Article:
The trick to sustaining healthy lifestyle changes is to make them small and regular. You can make a huge difference to your health with these five 10-minute habits.
1 Sit down to eat
Whether it’s gulping down breakfast on your morning commute, or squeezing in lunch between meetings, eating on the run is an easy way to save time. But setting aside 10 minutes to sit and eat a meal brings loads of health perks.
By giving your full attention to what’s on your plate, you’re able to focus on the taste, textures and aroma of the food, and are more in tune with your hunger and fullness cues. You’ll feel much more satisfied and be less likely to overeat.
Food is also much more than just body fuel. It brings us together and increases social connectedness, which is good for our mental health. By eating on the run, we miss out on this special opportunity.
Sitting down to eat may also help slow digestion, which will keep you feeling full for longer. So, here’s to penciling in a lunchbreak — if only for 10 minutes!
2 Pack your snacks
When you’re hungry and hurried, it’s easy to turn to quick bites like biscuits, muffins and chips. In fact, 35 per cent of the average adult’s daily kilojoule intake comes from high-fat, high-sugar ‘discretionary’ foods like these.
But if you set aside just 10 minutes a day to pack your bag with snacks that focus on the core food groups like fruit, veg, dairy, nuts and whole grains, your body will love you for it. So, try these ideas:
● Fresh seasonal fruit, such as apples, mandarins, bananas or pears
● Vegetable sticks and a dip like hoummos
● Plain reduced-fat yoghurt with berries
● A glass of reduced-fat milk
● Wholegrain crackers, reduced-fat cheese
● Air-popped popcorn
● Wholegrain toast with peanut butter
● A small can of tuna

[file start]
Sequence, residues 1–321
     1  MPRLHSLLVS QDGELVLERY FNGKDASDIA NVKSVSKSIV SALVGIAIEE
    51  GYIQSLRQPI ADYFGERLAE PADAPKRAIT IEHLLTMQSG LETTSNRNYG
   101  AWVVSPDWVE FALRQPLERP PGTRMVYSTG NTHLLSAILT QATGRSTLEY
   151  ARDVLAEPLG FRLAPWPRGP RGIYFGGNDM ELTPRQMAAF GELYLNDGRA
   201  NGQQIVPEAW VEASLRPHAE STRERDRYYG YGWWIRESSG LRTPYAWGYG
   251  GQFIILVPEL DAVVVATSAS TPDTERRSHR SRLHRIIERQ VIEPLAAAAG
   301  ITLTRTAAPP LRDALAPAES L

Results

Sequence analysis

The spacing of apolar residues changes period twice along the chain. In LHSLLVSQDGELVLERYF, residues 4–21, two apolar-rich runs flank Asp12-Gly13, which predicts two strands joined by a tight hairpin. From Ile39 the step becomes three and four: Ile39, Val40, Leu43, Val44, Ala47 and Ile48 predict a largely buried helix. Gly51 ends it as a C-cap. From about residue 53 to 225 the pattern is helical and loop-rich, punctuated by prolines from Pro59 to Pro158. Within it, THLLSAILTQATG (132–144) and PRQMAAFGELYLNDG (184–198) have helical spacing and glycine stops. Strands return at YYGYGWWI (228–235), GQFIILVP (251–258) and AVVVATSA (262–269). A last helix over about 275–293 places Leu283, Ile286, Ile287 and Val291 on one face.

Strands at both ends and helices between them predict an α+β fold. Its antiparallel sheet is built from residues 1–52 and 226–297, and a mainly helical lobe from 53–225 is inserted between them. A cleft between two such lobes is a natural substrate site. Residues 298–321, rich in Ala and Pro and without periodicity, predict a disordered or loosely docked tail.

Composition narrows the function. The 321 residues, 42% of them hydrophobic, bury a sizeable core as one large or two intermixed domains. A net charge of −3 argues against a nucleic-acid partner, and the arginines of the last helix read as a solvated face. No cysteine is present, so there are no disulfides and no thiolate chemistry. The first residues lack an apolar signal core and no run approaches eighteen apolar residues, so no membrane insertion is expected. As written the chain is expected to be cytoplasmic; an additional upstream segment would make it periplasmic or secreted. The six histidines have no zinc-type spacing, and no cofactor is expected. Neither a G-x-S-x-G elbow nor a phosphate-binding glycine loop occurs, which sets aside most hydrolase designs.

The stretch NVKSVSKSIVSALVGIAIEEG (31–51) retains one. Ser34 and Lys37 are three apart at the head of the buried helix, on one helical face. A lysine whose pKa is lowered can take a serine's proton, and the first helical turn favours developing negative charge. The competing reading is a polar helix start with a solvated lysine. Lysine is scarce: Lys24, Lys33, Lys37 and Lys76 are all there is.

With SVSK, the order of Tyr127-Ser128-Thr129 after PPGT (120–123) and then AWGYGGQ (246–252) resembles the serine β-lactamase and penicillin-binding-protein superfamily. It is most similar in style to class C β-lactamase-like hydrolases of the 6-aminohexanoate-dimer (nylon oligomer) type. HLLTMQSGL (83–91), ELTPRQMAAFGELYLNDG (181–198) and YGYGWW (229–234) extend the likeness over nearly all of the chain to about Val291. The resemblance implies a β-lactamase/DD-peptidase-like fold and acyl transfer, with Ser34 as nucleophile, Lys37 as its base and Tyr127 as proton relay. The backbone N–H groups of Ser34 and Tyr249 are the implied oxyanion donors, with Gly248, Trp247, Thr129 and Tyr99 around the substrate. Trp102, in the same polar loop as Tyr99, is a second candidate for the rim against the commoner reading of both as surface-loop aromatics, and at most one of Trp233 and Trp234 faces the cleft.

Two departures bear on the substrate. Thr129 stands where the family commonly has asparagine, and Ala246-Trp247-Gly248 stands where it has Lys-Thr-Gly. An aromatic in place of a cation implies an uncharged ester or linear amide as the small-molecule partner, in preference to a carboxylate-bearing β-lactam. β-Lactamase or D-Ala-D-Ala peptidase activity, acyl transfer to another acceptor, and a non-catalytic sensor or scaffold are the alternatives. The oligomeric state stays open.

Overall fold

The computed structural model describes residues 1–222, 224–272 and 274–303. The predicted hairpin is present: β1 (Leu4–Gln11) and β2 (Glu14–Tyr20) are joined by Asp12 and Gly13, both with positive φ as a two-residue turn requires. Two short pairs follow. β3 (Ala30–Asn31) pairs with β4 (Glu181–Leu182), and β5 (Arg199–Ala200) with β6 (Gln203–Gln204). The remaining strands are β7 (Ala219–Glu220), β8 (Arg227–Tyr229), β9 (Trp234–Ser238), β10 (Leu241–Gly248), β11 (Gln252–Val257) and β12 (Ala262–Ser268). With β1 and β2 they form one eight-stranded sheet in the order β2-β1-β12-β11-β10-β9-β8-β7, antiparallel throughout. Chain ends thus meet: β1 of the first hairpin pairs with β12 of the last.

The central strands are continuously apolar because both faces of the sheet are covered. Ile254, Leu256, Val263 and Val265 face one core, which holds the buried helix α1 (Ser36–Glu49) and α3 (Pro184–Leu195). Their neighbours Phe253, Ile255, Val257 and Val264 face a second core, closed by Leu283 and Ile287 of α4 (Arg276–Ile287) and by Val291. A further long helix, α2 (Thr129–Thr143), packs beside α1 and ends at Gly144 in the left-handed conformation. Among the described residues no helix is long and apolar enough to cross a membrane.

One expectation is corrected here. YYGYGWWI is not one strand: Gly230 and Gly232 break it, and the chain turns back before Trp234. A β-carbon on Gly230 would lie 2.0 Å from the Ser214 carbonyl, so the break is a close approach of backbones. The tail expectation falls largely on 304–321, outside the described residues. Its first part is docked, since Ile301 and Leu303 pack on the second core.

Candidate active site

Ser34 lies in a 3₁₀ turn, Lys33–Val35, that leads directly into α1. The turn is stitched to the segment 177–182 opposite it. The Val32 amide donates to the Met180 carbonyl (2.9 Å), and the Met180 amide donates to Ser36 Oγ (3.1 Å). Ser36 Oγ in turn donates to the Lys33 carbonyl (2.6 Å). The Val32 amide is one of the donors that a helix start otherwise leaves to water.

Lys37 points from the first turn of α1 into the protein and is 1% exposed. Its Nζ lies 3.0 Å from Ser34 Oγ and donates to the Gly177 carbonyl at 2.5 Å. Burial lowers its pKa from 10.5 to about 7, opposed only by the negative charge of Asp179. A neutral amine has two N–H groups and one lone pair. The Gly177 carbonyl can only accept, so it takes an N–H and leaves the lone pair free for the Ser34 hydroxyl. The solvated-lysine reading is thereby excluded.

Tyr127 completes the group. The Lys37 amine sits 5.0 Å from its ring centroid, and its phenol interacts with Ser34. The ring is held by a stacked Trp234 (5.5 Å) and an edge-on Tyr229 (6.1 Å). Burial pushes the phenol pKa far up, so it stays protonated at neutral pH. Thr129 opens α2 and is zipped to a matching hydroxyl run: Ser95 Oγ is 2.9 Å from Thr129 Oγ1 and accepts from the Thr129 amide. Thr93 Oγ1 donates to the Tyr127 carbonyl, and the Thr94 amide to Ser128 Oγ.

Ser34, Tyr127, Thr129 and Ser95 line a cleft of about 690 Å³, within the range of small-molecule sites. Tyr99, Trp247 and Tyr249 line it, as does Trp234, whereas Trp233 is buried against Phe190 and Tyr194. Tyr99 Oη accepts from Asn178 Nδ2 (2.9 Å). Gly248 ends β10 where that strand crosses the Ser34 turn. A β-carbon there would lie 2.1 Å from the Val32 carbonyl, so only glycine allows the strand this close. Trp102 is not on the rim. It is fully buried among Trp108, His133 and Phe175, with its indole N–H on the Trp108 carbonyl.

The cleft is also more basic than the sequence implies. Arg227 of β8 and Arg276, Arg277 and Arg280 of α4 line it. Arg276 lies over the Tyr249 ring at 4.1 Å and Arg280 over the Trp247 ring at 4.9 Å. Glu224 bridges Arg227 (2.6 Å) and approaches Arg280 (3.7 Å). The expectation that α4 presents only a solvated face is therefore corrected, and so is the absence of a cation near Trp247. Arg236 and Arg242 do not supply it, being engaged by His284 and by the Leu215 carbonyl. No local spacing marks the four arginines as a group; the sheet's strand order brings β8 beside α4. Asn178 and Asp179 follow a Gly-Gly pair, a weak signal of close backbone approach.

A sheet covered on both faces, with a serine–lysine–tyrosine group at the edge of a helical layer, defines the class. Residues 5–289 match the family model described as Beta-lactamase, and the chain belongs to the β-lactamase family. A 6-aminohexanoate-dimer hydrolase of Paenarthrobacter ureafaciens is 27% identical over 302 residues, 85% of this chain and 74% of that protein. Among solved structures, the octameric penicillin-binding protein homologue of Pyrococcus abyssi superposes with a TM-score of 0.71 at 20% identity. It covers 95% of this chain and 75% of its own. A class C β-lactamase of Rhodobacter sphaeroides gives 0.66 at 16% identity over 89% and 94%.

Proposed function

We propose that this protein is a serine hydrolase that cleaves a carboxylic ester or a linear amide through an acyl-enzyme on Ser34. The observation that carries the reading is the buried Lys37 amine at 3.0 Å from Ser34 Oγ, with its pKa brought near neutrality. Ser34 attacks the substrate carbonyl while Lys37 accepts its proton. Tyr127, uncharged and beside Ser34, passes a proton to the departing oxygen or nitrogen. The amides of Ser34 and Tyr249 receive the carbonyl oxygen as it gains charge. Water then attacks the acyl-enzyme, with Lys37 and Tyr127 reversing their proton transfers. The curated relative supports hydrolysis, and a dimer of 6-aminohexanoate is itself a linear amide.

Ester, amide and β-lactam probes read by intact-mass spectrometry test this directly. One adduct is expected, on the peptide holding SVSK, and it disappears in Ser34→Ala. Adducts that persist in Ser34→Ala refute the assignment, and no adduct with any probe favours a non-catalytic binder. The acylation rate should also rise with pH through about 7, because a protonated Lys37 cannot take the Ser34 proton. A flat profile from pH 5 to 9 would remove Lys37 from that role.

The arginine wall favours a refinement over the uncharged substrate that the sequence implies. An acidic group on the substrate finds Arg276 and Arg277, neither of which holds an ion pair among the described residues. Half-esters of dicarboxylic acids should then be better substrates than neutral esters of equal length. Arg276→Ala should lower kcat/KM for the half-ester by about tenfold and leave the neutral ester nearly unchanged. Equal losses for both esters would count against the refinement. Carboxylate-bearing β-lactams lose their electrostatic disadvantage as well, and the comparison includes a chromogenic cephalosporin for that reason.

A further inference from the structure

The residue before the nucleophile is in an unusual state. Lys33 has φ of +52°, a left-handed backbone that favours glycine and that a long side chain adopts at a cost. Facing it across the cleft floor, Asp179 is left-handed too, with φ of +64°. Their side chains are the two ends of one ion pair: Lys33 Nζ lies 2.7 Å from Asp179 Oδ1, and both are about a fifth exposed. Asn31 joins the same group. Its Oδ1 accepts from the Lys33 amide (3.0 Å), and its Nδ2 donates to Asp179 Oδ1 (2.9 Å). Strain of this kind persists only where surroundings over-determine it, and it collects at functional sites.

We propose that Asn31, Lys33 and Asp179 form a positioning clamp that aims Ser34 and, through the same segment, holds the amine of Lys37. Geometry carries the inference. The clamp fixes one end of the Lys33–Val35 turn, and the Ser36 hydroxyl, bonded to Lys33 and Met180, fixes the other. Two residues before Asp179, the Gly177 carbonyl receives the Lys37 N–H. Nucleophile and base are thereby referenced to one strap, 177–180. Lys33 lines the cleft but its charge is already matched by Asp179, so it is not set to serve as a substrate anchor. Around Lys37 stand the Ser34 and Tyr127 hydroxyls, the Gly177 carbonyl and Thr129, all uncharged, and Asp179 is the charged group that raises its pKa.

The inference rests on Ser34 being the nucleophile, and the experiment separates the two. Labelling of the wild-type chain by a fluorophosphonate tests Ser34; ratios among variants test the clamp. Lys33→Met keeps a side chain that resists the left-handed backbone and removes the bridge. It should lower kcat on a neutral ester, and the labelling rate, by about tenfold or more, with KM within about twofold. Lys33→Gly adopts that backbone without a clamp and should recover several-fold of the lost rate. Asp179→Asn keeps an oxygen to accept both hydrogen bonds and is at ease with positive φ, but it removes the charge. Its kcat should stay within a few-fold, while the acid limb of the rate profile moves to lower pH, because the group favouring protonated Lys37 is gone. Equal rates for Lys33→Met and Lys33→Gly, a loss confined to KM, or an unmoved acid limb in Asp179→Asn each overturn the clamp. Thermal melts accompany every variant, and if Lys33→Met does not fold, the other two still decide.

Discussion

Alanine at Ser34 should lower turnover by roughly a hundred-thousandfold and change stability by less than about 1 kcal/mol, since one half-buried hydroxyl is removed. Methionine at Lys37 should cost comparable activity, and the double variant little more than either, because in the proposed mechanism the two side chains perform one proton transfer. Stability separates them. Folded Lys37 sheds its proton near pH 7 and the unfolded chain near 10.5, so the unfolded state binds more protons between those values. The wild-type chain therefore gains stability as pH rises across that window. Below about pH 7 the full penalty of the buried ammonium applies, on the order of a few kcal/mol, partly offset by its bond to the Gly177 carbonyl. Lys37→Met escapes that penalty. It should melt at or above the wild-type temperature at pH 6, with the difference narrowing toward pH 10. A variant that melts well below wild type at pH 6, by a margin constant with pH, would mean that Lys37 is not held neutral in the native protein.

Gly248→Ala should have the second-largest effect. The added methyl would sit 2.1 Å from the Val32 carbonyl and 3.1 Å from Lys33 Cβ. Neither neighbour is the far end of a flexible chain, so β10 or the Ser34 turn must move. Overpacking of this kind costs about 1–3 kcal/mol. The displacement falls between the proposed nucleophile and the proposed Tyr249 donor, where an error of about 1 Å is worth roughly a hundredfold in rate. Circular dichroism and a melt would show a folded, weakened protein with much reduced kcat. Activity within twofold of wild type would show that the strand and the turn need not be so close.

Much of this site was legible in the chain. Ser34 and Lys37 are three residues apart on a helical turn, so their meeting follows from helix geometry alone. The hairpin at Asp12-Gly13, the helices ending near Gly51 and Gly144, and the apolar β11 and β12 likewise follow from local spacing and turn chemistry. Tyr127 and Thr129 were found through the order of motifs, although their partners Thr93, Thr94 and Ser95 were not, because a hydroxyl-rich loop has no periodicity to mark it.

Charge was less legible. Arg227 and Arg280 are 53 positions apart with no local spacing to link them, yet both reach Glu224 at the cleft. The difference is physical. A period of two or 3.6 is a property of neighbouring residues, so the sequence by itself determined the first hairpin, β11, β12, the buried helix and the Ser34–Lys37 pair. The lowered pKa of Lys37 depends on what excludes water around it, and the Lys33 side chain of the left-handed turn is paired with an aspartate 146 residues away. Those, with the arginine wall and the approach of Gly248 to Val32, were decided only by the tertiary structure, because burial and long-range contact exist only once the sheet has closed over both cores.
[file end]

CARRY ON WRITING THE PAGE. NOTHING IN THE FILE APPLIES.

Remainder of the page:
● A handful of unsalted nuts
● A low-sugar, high-fibre muesli bar.
3 Fill up your fruit bowl
How often do you open your fridge or pantry in search of a snack, but aren’t quite sure what you’d like?
We have a solution! It’s called ‘food nudging’.
Stock your fruit bowl with fresh produce. Research tells us that when you put food in easy-to-reach locations, you can ‘nudge’ yourself to make healthier choices. A 2016 review found that 16 of 18 studies showed that changing a food’s location positively influenced people’s eating habits.
Supermarkets are wise to this already, of course, but you can do your own food nudging at home. Start by putting healthy food in easy-to-reach spots. A well-stocked fruit bowl makes it easy to grab a snack at home, or while you’re rushing out the door.
Alternatively, chop up fruit (and veges) and store them in transparent containers at eye level in the fridge. Finally, keep treat foods like chocolate towards the back of the cupboard — out of sight, out of mind!
4 Write a grocery list
How often have you ducked into the shops for milk and bread and come out with an armful of groceries?
A grocery list is not just the best way to save time and money at the supermarket — a US study has found people who always use a checklist have a healthier weight, even when shopping in areas with less-healthy options.
It makes sense that a list can counteract some of the clever marketing and other influences shouting at you in-store (yes, we’re looking at you, half-price chocolate blocks and sweet bags at the end of the aisles!)
Start by planning out a typical week of meals: meat-free Monday, spag bol Tuesday, and so on. Next, group foods by category. List all of your fresh fruit and veg together to help you remember food items, and to save you doubling back in-store for missed items. Finally, keep your list in a central place, like on the fridge — so your family can add to it as needed. Happy, healthy shopping!
5 Prep your breakfast
Mornings are a rush, with over half of Aussies skipping breakfast at least once a week. So, why not get a head start and get into a habit of prepping your brekkie the night before?
It might be as simple as portioning breakfast cereal in a bowl, or putting it in a zip-lock bag ready to take to work.
You can cut up fresh fruit, or make a batch of nourishing Bircher muesli overnight oats. You could even whip up some mini frittatas for a savoury start to your day.
Eating breakfast has some big nutritional perks. It helps stabilise blood glucose levels, regulate appetite and prevent overeating for the rest of the day. Research shows people who skip breakfast have less nutritious diets and are more likely to be overweight.
So, take 10 minutes each night to get your breakfast sorted — and you can enjoy a few more winks of sleep the next morning!